• 59.
    Folkhammar Andersson, Siv
    et al.
    Kalmar County Council, Oskarshamn, Sweden.
    Bergman, Stefan
    Lund University, Lund, Sweden & The Sahlgrenska Academy, University of Gothenburg, Gothenburg, Sweden.
    Welin Henriksson, Elisabet
    Karolinska Institutet, Huddinge, Sweden & Linköping University, Linköping, Sweden.
    Bremander, Ann
    Halmstad University, School of Business, Engineering and Science, The Rydberg Laboratory for Applied Sciences (RLAS). Lund University, Lund, Sweden.
    Arthritis management in primary care – a study of physiotherapists’ current practice, educational needs, and adherence to national guidelines2017In: Musculoskeletal Care, ISSN 1478-2189, E-ISSN 1557-0681, Vol. 15, no 3, p. 333-340Article in journal (Refereed)
    Abstract [en]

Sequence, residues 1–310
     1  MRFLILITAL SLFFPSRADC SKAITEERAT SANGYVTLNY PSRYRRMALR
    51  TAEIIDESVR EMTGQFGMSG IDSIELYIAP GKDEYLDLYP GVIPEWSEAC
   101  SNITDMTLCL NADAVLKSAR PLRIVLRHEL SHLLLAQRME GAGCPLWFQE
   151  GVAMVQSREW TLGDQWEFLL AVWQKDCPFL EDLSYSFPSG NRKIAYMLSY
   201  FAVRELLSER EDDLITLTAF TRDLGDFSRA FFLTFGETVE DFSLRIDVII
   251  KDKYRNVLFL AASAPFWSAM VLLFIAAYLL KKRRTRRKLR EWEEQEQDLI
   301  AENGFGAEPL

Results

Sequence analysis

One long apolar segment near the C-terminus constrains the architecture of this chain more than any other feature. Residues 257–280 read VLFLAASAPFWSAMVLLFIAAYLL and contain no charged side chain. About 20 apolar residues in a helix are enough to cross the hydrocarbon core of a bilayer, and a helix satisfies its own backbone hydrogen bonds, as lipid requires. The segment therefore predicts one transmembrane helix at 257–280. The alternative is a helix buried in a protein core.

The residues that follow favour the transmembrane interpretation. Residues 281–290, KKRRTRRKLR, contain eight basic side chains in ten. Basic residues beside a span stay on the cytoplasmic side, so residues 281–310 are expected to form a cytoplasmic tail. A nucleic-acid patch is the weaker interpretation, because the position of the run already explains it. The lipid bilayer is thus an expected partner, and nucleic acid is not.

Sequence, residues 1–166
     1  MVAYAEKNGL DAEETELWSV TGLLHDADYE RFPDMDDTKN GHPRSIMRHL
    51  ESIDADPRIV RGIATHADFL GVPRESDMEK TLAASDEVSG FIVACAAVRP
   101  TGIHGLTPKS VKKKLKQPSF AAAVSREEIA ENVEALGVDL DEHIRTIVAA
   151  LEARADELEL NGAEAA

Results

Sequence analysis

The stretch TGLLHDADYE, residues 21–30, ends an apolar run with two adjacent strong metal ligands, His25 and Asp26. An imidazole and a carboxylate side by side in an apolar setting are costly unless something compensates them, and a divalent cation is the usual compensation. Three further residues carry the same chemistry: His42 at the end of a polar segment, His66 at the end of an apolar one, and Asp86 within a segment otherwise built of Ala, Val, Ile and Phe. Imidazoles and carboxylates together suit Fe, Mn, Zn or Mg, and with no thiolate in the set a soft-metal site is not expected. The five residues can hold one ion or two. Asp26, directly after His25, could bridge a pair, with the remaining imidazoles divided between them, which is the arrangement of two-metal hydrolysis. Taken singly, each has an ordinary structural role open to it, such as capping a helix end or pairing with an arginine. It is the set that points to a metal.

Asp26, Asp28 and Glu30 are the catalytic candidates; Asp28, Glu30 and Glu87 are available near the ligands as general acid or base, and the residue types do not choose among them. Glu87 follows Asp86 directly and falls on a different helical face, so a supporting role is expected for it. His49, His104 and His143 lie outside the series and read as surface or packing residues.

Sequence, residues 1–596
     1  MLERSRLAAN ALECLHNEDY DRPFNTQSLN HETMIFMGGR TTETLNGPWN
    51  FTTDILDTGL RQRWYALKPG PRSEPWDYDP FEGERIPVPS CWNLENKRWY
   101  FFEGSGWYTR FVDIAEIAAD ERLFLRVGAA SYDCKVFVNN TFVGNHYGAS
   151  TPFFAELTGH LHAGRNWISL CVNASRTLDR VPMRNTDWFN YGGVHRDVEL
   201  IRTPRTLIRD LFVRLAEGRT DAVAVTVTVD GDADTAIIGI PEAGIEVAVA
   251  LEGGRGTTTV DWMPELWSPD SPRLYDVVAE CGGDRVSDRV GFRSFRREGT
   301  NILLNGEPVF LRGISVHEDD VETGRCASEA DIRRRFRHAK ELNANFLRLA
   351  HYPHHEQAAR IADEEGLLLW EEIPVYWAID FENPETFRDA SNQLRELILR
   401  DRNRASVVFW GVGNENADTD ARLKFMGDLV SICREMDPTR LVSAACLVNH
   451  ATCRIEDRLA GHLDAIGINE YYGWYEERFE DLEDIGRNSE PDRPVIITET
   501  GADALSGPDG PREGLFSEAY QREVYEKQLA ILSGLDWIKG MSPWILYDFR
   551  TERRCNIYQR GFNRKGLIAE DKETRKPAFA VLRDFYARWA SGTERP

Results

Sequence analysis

BACKGROUND: With an increasing number of patients with osteoarthritis (OA) and rheumatoid arthritis (RA) in primary care, our aim was to investigate arthritis-related practice in physiotherapy and to study adherence to evidence-based care.

    METHODS: Seventy physiotherapists (PTs) working in primary care were emailed a questionnaire to investigate current practice and the number of roles assumed by PTs, the degree of confidence, educational needs and adherence to national guidelines in managing patients with OA or RA. Interventions supported by national guidelines were compared with reports of treatment modalities in the questionnaire.

    RESULTS: Sixty-four (91%) PTs responded, and they reported a higher degree of confidence in assessment, treatment and education of patients with OA than for those with RA (p < 0.001). The total number of roles assumed by the PTs was higher in the management of OA than for RA (p < 0.001). PTs who assumed a greater number of roles also reported a stronger degree of confidence in assessing OA (p = 0.036). Those who assumed fewer roles also reported less confidence in RA treatment (p = 0.045). Recommendations in the guidelines were followed by the majority of PTs for eight of 11 treatment modalities in OA and for six of six in RA.